Book Review – Parched City by Emma M Jones

Parched City‘ was an impulse buy from the Reading International Solidarity Centre (RISC) bookshop. The cover featuring the 1859 opening of London’s first public drinking fountain in the wall of St Sepulchre’s Church in the City of London was a magnet for this Whitley Pump correspondent.

The parched city of the title is London. The book documents the capital’s relationship with the public and private sources of its water supply from Roman times to the present day and analyses the challenging landscape of safe drinking water provision.

Ms Jones also tackles drinking water ethics, including the question of whether bottled water, which comes at a high monetary and environmental cost, could be replaced by water from public drinking fountains. London has several examples of refurbished historic fountains and newly erected modern fountains from which the public can drink or refill water bottles when on the move.

“Through whatever combination of fountains, refill stations, or water transported by individuals from their own homes, a permanent drinking water revolution for London could actually eliminate the need for bottled water.” [ref1]

Claiming to be “the first of London’s fully approve drinking fountains in thirty years”, the restored-to-full-working order fountain at Carter Lane Gardens near St Paul’s Cathedral features in the book [ref2]. The original location of the fountain was at the church of St Lawrence Jewry near Guildhall. When Guildhall was redeveloped it was put into storage until re-erected in 2010. This is truly a VIP fountain with its own website documenting the project.

About the same time, other drinking fountain projects had been initiated such as the Freeman Family Fountain in Hyde Park which was unveiled in 2009.

The Victorian drinking fountain movement had its origins in Liverpool. In 1853 Liverpudlian businessman Charles Melly returned from his honeymoon in Geneva and decided to emulate the public fountains of that and other Swiss cities in Liverpool. In 1853 he arranged for two public taps to be installed in the docks and, in 1854, built a granite drinking fountain on Prince’s Dock [ref3].

Other towns and cities followed and in London the Metropolitan Free Drinking Fountains Association was formed. The first London fountain at St Sepulchre’s Church in High Holborn was funded by Samuel Gurney MP and was ceremonially opened on 20 April 1859. It is a much more modest fountain than the image in the Illustrated London News pictured on the cover of ‘Parched City’ depicts [ref4]. The fountain was restored to the church wall in 1913 and is still in place close to its original location.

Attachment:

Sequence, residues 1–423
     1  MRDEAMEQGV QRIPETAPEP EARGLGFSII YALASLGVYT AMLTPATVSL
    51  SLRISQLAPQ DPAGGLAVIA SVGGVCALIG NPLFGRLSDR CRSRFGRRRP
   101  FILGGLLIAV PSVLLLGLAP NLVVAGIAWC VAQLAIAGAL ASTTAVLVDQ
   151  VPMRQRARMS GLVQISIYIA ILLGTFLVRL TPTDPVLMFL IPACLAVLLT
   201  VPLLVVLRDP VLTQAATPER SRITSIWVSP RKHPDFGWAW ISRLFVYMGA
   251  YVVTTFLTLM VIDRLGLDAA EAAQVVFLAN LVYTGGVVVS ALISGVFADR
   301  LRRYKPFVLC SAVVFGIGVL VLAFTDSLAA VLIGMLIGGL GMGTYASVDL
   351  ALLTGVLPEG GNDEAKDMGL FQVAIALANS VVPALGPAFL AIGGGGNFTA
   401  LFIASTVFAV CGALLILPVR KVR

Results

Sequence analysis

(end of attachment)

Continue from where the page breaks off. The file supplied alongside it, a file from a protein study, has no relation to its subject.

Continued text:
Sponsorship from philanthropists ensured that the number of drinking fountains continued to grow. It is around this time that fountains began to appear in Reading and in the 1860s the King’s Head Pond was filled in and replaced by the Whitley Pump.

Whitley Pump c. 1910

There are some fountains in London which have been refurbished and dispense drinking water, but they are certainly the exception. Many that remain are dusty and damaged versions of their former selves.

The maintenance of truly public drinking fountains has always been problematic. As an example, within weeks of opening the fountain next to St Laurence’s church in Reading, the cup had been removed.

Provision of free public drinking water is less challenging within institutions and public buildings and examples are given in the book such as at the British Library and University College Hospital. Many more examples can be found on the ‘Find a Fountain‘ website.

As a holiday read for the Whitley Pump travel correspondent, this book proved unexpectedly pertinent. It raised my awareness of the potential and availability of drinking water sources other than bottled drinking water when on the move.

‘Parched City’ is a thoroughly readable and enjoyable historical survey. Whilst some of the conditions that apply are specific to London, the topic is universal.



References
  1. Jones, Emma M. Parched City (2013). Zer0 Books. p282
  2. ibid p215
  3. ibid pp58-72
  4. Illustrated London News 30 April 1859 p24
Links
  1. Parched City
  2. St Lawrence Jewry Memorial Fountain
  3. Charles Melly
  4. Drinking Fountains Association
  5. St Sepulchre’s Church
  6. Image and record for the St Sepulchre Drinking Fountain at mdfcta.org.uk
  7. Map of Metropolitan Drinking Fountains and Cattle Trough Association fountains and troughs
  8. Samuel Gurney MP
  9. The history of the Whitley Pump
  10. Twinned with the Whitley Pump – St Laurence’s drinking fountain
  11. Find a Fountain
  12. Twinned with the Whitley Pump
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2 thoughts on “Book Review – Parched City by Emma M Jones

  1. Pingback: Twinned with the Whitley Pump – St Lawrence Jewry Memorial Fountain | The Whitley Pump

  2. Pingback: World Book Day 2018 | The Whitley Pump

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